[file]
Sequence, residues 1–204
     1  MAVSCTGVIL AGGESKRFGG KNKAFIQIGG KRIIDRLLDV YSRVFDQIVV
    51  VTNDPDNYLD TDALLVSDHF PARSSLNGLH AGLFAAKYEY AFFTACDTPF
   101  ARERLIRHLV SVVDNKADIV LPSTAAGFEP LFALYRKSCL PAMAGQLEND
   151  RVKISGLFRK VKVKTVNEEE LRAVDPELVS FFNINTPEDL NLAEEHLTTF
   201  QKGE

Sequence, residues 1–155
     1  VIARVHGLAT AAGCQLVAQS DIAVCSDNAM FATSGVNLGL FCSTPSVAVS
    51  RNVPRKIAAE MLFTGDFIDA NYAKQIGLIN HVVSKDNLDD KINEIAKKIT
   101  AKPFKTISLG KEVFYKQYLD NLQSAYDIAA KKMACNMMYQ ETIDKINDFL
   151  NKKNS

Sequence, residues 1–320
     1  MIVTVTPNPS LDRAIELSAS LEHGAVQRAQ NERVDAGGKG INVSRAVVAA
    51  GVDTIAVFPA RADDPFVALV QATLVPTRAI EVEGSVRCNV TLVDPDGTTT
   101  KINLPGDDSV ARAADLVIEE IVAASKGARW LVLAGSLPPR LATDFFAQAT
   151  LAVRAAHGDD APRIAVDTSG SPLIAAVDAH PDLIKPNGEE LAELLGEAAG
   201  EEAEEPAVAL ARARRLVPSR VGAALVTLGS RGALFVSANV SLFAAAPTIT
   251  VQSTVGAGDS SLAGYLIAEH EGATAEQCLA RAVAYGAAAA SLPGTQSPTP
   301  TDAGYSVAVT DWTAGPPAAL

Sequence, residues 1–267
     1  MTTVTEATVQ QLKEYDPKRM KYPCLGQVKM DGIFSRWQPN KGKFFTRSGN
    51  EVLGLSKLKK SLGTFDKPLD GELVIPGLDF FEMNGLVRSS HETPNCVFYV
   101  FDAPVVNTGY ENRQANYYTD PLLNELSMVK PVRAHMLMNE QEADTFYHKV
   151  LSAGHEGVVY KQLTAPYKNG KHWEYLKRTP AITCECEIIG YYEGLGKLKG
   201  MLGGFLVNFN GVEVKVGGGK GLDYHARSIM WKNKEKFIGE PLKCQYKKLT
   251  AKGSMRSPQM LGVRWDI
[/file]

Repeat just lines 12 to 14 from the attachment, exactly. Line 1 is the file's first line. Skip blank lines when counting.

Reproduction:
Sequence, residues 1–320
     1  MIVTVTPNPS LDRAIELSAS LEHGAVQRAQ NERVDAGGKG INVSRAVVAA
    51  GVDTIAVFPA RADDPFVALV QATLVPTRAI EVEGSVRCNV TLVDPDGTTT